Wednesday, June 3, 2020
National HIV Testing, as well as Mental Health Day: Do You Know Your Status?
By Tony R. Wafford
Published June 25, 2017


(Courtesy Photo)

Recently I read a story entitled, “Mental Health Care Is Key to Ending AIDS”. The Gay Men’s Health Crisis in New York is, and has been for years, working towards addressing the challenges and issues connected to mental health and HIV care.  For years, I’ve felt strongly that the conversation of mental health should be connected around the issues of HIV as well as other health inequities, to see if there is some linkage.  I would be remiss if I didn’t add to that, that it is my belief, that as a person of color, living in American society, mental health is key to our overall health and wholeness.

It’s no secret that during the pinnacle of the HIV/AIDS pandemic, those infected with the disease were confronted with stigma, discrimination, hatred, rejection, and overall ignorance.  Which, by the way was even worse for African Americans and other people of color because the media only focused on the dominate society. There’s an old saying, “When Americans gets a cold, Black Americans get pneumonia”, nowimagine what Black and Brown people were going through during the height (hell, and even now) of the HIV/AIDS pandemic; but that side of the story was never shown in the media.  HIV/AIDS infected persons of color, they faced the same stigma, discrimination, hatred, rejection, and ignorance as did others; they were just invisible in their suffering much like today, but that’s for another article.

It would be disingenuous of me not to thank God and celebrate for some of the progress we’ve made since those days, but the Black community still have major work to do.  Because of the creation of HIV informational websites, support groups for people with HIV/AIDS and their families and loved ones, as well as new therapies like, PEP and PrEP and several of Centers for Disease Control and Prevention (CDC) HIV/AIDS campaigns like African American Act Against AIDS Leadership Initiative (AAALI); my first project with the CDC and the PACT project, which we are currently working on, has helped tremendously in addressing the HIV/AIDS pandemic in Black America.  Partnering and Communicating Together to Act Against AIDS (PACT), has several partners, which we are very proud to be one of the partners, working to extend the reach of AAA campaign materials, resources, and engagement efforts into the community.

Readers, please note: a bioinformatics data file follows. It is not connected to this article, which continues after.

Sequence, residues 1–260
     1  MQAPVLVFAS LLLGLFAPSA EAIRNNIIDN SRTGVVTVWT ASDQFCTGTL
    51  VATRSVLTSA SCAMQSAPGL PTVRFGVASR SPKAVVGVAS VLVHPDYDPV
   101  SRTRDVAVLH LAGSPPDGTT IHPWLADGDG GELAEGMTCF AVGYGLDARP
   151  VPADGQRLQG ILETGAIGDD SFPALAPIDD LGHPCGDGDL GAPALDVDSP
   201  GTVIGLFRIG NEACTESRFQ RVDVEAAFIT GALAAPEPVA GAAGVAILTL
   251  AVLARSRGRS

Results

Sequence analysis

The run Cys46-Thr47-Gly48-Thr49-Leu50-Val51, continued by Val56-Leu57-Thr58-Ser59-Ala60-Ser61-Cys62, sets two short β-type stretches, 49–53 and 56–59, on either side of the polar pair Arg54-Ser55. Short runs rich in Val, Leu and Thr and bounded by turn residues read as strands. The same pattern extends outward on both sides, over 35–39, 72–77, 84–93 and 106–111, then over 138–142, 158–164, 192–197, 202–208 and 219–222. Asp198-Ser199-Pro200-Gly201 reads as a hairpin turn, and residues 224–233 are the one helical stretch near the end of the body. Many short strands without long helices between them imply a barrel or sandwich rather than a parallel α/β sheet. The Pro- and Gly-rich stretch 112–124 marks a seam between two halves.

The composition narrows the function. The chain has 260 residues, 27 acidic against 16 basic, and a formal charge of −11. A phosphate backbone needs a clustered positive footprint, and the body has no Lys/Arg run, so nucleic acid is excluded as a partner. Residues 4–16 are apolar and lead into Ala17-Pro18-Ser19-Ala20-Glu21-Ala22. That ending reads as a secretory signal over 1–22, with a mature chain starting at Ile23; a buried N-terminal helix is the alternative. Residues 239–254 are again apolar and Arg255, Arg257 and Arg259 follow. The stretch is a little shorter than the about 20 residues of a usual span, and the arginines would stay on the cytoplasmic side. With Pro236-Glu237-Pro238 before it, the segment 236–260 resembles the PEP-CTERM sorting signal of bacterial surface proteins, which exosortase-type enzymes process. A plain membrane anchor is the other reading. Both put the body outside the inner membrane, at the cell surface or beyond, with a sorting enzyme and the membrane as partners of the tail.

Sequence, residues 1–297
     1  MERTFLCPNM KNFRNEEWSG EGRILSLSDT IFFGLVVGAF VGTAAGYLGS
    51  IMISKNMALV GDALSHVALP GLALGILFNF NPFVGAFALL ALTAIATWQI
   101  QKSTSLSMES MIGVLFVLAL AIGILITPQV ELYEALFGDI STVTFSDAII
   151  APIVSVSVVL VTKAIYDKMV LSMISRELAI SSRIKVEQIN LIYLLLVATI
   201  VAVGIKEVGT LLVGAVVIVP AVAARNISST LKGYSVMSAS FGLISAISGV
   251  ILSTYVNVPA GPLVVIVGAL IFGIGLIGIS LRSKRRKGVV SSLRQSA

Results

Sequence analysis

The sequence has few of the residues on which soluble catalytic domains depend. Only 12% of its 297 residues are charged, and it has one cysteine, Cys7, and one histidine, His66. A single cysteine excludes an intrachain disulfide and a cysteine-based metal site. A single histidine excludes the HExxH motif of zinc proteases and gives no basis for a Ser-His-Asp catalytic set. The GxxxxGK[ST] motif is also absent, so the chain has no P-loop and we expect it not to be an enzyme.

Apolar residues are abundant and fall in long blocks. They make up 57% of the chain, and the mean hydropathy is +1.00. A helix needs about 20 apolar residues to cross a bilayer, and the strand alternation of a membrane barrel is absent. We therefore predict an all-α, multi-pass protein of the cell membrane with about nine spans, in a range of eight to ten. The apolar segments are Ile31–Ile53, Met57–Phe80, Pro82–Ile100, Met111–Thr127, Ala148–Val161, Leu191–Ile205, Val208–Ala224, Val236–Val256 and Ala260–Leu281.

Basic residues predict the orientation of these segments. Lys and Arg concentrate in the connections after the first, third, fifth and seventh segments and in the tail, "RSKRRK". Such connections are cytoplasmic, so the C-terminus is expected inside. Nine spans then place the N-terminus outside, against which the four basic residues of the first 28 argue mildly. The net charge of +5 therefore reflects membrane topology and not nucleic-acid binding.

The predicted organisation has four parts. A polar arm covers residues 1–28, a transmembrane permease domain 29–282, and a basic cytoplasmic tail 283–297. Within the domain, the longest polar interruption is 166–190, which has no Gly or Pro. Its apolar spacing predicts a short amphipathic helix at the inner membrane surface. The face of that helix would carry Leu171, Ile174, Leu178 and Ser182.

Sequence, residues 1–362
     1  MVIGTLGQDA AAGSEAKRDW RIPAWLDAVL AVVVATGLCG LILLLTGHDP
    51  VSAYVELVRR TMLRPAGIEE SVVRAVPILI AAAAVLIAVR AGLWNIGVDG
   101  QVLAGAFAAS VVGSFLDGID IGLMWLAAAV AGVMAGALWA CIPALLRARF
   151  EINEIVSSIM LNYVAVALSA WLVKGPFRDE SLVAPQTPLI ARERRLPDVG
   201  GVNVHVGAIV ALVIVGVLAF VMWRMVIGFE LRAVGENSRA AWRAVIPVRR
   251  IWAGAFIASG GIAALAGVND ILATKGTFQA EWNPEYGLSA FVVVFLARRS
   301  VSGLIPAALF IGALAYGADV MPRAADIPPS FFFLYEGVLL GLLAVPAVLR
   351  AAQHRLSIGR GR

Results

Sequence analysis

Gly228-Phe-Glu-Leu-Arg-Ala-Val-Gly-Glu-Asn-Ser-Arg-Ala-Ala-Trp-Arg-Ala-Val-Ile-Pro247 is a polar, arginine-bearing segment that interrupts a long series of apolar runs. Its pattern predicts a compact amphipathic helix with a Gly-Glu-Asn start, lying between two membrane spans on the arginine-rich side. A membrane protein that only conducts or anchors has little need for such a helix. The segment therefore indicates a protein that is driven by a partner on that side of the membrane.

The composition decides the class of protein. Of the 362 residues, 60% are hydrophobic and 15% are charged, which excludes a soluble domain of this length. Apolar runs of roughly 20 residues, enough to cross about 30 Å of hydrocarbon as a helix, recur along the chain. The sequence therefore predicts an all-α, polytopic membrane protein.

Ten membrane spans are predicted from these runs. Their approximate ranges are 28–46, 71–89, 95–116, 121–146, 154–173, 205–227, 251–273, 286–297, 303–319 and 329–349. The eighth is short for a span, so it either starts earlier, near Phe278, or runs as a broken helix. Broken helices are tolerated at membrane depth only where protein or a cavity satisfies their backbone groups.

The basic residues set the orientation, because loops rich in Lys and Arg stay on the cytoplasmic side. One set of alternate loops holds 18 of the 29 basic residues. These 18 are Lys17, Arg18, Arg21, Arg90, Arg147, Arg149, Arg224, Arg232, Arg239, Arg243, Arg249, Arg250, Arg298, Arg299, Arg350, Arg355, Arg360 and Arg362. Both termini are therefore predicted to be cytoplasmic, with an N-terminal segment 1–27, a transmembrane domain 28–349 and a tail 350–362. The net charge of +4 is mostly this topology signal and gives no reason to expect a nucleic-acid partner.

One of the things we strive to address under this project, is to publicize the underpublicized impact on one’s mental health and associated stress among at-risk and high-risk populations for HIV/AIDS before, and sad to say–after an HIV/AIDS diagnosis.  I think it’s fantastic that we have trained, mental health professionals, facilitating different types of support groups that help people with AIDS and their loved ones that’s struggling with the psychological stress of their diagnosis.  Thanks to the CDC, and the support under the PACT project, we’ve been able to create several culturally competent approaches to addressing mental health in the African American community; there by building culturally competent approaches to the HIV/AIDS pandemic in Black America.  Do we have all the answers–of course not, but we have made tremendous movement towards ending the HIV/AIDS pandemic in Black America.

One of the things that we do; is that we draw from our rich history as an African people, to better understand how to address HIV/AIDS in the African American community.  Malcom X said it best, “Of all of our studies, history is best prepared to reward all research”.  In a brilliant article written by Dr. Maulana Karenga, entitled, “The Liberation Psychology of Frantz Fanon: “Struggle as Normative and Necessary”, Dr. Karenga skillfully addressed the fundamental position of liberation psychology that psychopathology, the sickness of the psyche, is essentially “a pathology of freedom,” i.e., a socially generated problem, as well as a behavioral and organic one, rooted in oppression and unfreedom.  Imagine what it must be like to be unfree to live and love and celebrate who and how God made you; now add to that, living outside of the sexual norm of society.  I can hear some of you now, “Living outside of the sexual norm isn’t how God made anyone.” Really?  Well, I happen to believe that everything in nature is natural, even if it doesn’t seem to be normal, because nature, like God, doesn’t make mistakes only humans do. Allow me to take you to church just for a minute.  In the book ofJohn 9:1-5 (NIV), this story tells of a man born blind.  The story goes, “As He (Jesus) went along, he saw a man, blind from birth. His disciples asked him, “Rabbi, who sinned, this man or his parents, that he was born blind?” “Neither this man nor his parents sinned,” said Jesus, “but this happened so that the works of God might be displayed in him”.  I take this to mean, everything we don’t understand or that see as wrong, isn’t God’s punishment or because of sin.  AMEN–but I digress.